Millions of girls in the Arab world end up as child brides: Some are forced to marry by their parents, for money or protection or due to cultural expectations; others want to escape poverty or an abusive home. All of them regret leaving school.
Fresh Syrian medical school graduates learning their profession in hospitals and starting public health initiatives are at high risk of coronavirus infections.
Covid-19 has made jobs for refugees in Lebanon, Jordan and other Arab countries even scarcer than before. That’s likely to increase child labor and make schooling a luxury, researchers say.
World Refugee Day should be an occasion when organizations and individuals consider how they might collaborate to improve access to education for displaced people in the MENA region, and globally.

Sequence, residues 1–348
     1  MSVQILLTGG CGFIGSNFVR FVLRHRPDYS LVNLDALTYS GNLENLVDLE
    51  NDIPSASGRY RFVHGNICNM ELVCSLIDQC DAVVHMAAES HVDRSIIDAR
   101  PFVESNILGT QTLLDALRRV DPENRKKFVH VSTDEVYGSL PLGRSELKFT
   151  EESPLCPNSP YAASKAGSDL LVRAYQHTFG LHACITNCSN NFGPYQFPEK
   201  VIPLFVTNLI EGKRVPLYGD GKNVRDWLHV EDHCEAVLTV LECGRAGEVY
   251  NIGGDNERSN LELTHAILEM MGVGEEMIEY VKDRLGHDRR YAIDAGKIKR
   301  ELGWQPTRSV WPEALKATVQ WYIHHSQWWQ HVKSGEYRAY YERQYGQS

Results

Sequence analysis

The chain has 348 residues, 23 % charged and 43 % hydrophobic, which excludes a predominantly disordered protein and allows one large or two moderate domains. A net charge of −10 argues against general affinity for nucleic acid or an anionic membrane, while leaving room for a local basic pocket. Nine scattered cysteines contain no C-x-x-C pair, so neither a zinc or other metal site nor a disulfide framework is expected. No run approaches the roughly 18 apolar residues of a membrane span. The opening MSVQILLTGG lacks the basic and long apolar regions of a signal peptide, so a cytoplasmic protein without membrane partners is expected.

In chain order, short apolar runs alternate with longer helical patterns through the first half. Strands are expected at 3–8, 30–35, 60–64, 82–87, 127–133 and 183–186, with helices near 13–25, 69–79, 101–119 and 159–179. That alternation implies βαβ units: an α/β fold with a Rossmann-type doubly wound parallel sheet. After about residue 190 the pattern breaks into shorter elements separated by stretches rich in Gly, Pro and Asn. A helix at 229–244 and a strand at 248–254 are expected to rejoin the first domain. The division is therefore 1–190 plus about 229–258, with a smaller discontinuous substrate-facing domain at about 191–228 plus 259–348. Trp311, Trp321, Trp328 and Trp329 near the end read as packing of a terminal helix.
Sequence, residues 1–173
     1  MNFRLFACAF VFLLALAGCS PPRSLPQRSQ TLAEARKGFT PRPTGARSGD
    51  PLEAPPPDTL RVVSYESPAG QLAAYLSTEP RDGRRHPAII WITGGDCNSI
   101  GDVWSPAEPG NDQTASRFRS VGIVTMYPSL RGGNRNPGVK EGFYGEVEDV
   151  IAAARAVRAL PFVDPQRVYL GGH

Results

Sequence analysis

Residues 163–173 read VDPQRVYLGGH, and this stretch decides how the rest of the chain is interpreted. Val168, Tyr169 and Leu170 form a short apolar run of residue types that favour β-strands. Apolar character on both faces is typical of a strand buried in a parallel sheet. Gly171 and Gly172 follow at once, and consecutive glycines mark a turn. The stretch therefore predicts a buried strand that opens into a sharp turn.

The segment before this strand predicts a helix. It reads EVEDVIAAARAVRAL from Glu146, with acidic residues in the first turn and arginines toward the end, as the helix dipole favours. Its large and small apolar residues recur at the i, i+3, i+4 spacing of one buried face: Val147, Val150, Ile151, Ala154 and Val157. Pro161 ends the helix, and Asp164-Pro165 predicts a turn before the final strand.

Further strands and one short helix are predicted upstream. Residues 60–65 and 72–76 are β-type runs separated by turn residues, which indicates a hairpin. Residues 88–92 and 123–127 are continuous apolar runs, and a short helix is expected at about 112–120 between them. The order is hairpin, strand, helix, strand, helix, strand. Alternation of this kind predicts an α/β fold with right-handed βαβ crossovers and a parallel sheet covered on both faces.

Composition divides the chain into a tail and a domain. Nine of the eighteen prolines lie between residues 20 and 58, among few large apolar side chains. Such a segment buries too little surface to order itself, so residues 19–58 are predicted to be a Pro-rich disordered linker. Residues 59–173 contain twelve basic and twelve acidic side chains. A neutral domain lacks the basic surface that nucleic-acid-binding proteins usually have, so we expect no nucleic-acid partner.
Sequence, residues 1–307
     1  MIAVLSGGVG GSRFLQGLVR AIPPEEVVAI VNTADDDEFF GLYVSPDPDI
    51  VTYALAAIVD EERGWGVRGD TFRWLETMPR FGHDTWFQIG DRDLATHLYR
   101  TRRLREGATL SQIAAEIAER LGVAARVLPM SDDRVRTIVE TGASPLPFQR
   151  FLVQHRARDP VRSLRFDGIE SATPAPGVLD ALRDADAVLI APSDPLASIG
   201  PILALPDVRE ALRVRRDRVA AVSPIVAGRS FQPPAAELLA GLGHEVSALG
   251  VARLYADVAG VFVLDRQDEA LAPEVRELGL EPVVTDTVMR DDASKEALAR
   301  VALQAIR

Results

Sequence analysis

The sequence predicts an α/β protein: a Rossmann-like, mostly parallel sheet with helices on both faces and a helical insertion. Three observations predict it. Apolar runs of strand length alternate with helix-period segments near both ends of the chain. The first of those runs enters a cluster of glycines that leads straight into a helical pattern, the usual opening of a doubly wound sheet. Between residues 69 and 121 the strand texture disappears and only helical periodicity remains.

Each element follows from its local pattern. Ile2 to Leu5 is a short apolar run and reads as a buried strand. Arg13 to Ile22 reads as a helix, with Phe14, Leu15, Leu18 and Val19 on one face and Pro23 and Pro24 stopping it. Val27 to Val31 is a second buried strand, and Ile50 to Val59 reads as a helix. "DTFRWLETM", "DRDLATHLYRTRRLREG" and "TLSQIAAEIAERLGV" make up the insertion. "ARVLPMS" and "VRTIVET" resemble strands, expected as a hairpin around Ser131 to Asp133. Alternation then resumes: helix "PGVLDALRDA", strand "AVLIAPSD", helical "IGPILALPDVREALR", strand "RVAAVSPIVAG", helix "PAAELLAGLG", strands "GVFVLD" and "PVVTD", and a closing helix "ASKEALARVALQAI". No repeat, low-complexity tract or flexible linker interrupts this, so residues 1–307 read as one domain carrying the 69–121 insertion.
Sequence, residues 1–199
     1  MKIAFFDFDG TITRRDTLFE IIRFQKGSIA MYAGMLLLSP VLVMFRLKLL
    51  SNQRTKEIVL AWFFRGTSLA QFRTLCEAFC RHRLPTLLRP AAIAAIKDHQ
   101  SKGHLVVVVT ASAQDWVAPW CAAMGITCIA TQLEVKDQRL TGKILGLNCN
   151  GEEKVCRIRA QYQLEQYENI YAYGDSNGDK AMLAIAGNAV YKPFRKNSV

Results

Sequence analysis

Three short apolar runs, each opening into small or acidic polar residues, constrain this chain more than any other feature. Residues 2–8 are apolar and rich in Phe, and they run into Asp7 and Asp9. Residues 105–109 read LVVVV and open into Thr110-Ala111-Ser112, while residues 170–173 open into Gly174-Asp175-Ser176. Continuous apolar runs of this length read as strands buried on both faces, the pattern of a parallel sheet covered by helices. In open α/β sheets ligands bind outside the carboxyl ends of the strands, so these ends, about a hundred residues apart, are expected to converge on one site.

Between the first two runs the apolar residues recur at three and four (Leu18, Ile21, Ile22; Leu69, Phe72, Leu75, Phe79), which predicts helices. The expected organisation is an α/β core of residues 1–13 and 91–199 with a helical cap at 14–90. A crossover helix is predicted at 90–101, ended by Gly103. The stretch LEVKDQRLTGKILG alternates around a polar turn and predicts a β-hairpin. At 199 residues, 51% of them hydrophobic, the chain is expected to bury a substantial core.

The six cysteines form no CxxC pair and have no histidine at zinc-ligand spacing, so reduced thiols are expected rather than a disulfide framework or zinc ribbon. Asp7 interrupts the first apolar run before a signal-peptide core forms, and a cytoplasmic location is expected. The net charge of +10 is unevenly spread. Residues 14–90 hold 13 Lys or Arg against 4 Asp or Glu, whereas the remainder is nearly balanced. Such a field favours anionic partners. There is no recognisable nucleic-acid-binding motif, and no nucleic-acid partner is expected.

A Beirut television station’s investigation accuses the government of inflating the number of refugee students in school and misusing millions of dollars paid by international donors.
Strict restrictions on movement in the kingdom have kept the virus at bay, but refugees and poor Jordanians have difficulty meeting basic needs and accessing online education.
A project in Lebanon documents refugees’ health data so that they can eventually get better medical care. But a lack of health insurance often prevents them from getting care.
A group called Pangea, founded by a law student, sponsors weekly get-togethers for refugees and helps them adapt to their new country.
University leaders have embraced programs that provide language training and social support to migrants as they make the transition from exiles to students.
Syrian refugee students in Lebanon face an even more precarious future than they have in the past as the country’s economic crisis eats away at scholarships and jobs.